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ESPN, former Arizona Republic baseball reporter Pedro Gomez dies at 58

Pedro Gomez
Pedro Gomez an ESPN reporter
Posted at 8:37 PM, Feb 07, 2021
and last updated 2021-02-08 20:47:12-05

ESPN says one of its longtime reporters, Pedro Gomez, died unexpectedly on Sunday at the age of 58.

Gomez joined ESPN in April 2003 and was best known for his coverage of Major League Baseball. He appeared on SportsCenter, Baseball Tonight and other shows.

Throughout his career, ESPN says Gomez covered more than 25 World Series and 22 All-Star Games. He was also a member of the Baseball Writers Association of America and was a voting member for the Baseball Hall of Fame.

Before his time at ESPN, Gomez worked at the Arizona Republic as a sports columnist and national baseball writer from 1997 to 2003.

“We are shocked and saddened to learn that our friend and colleague Pedro Gomez has passed away,” said Jimmy Pitaro, Chairman, ESPN and Sports Content in a statement. “Pedro was an elite journalist at the highest level and his professional accomplishments are universally recognized. More importantly, Pedro was a kind, dear friend to us all. Our hearts are with Pedro’s family and all who love him at this extraordinarily difficult time.”

Gomez was a South Florida native who attended the University of Miami. He’s survived by his wife, Sandra, sons Rio and Dante, and daughter Sierra.

On Monday ABC15 talked with Scott Bordow, a sports writer and columnist in the Valley for 38 years.

"Pedro was just one of the great, genuine guys in this business," Bordow said. "You will not find, I know this is a cliche, but you will not find a single person that has anything bad to say about Pedro."

Bordow never worked with Gomez, but knew him well from all the years of covering Valley sports where the two would routinely cross paths.

"I think what made Pedro successful was his ability to connect with so many people," Bordow said. "If you went out to a baseball stadium with him and covered an event with him, he knew everybody. Every player in the clubhouse, the coaches, the managers, the equipment guys."

Bordow recalled when Gomez got the columnist job at the Arizona Republic in 1997, a job Bordow said he had interviewed for at the time but didn't get.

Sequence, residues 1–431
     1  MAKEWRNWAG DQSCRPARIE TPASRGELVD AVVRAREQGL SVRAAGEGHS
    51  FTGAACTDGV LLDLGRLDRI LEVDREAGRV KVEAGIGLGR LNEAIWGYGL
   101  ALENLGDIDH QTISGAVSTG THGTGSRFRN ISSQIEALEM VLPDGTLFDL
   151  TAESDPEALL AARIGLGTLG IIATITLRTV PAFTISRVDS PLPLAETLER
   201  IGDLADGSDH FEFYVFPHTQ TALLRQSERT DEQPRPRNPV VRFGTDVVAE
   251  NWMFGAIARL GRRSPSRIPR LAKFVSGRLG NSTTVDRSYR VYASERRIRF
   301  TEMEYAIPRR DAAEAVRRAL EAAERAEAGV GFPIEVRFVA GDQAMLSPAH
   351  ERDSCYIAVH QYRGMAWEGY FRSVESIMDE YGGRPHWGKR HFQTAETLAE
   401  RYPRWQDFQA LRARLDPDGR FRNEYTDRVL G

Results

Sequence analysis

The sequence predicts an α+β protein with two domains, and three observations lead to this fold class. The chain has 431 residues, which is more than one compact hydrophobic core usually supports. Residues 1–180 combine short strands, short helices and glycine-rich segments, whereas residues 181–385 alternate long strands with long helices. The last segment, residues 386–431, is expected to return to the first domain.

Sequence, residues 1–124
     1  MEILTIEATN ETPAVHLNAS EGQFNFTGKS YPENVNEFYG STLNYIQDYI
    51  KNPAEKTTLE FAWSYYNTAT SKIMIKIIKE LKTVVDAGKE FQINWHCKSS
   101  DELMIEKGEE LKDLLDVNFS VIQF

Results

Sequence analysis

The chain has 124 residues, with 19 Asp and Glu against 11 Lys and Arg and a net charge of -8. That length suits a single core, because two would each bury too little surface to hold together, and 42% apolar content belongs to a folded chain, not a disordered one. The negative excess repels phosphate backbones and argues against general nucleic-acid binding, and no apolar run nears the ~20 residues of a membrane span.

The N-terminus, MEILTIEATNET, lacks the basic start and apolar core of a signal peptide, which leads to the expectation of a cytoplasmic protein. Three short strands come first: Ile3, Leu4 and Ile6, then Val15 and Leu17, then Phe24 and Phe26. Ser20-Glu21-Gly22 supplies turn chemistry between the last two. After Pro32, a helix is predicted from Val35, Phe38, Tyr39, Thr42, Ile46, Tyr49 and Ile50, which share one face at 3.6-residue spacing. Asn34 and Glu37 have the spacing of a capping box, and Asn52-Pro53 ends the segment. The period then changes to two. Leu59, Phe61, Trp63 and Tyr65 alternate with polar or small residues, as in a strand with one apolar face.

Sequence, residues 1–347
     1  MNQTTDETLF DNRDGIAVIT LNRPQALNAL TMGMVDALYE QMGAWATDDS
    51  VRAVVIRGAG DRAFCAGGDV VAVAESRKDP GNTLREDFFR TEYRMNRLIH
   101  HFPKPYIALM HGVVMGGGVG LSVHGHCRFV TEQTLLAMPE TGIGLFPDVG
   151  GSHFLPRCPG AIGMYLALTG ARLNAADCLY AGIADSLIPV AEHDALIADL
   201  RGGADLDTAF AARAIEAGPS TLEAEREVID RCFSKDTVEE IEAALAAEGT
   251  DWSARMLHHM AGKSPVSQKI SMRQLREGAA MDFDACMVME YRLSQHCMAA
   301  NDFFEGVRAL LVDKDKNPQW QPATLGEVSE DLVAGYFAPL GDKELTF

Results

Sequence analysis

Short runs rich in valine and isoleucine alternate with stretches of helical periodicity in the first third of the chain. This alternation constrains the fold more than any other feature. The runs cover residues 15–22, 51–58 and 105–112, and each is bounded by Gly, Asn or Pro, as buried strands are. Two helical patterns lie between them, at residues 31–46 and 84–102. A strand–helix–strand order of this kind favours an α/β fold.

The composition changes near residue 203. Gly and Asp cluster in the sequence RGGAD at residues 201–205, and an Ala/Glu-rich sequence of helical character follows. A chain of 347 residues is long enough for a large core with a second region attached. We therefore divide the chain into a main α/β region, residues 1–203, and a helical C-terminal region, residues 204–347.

"For a short while, before I met him, I kind of had this distaste for Pedro, just because he had taken the job I wanted, I'm not really proud to admit that," Bordow said. "As soon as I met him, I just said, 'how can I be mad at this guy?' He was just the nicest guy."

Bordow said Gomez was widely respected among the teams and athletes he covered.

"I think athletes and coaches respected him because he didn't take cheap shots," he said. "He'd make sure he was there if he wrote or said anything critical. He was a great storyteller, but I think just people generally appreciated who he was as a person and how he acted as a journalist."

Arizona Cardinals owner Michael Bidwill remembered Gomez as a "consummate pro" who was one of the most kindest, decent people you could ever meet.

Arizona Cardinals player Larry Fitzgerald tweeted he is "gutted by the news."

The Arizona Diamondbacks said they were, "devastated by the loss of their friend Pedro," saying he earned the respect of everyone if in the organization.

"They didn't come better than Pedro," tweeted ABC15 Sports Director Craig Fouhy.

Former co-worker Paul Coro called Gomez a "proud family man, caring person and great journalist."

The University of Arizona called Gomez, a "great man, proud father and true professional."

Former Arizona Diamondback Luis Gonzales tweeted, "Pedro was an amazing man," who was respected in every locker room he walked into.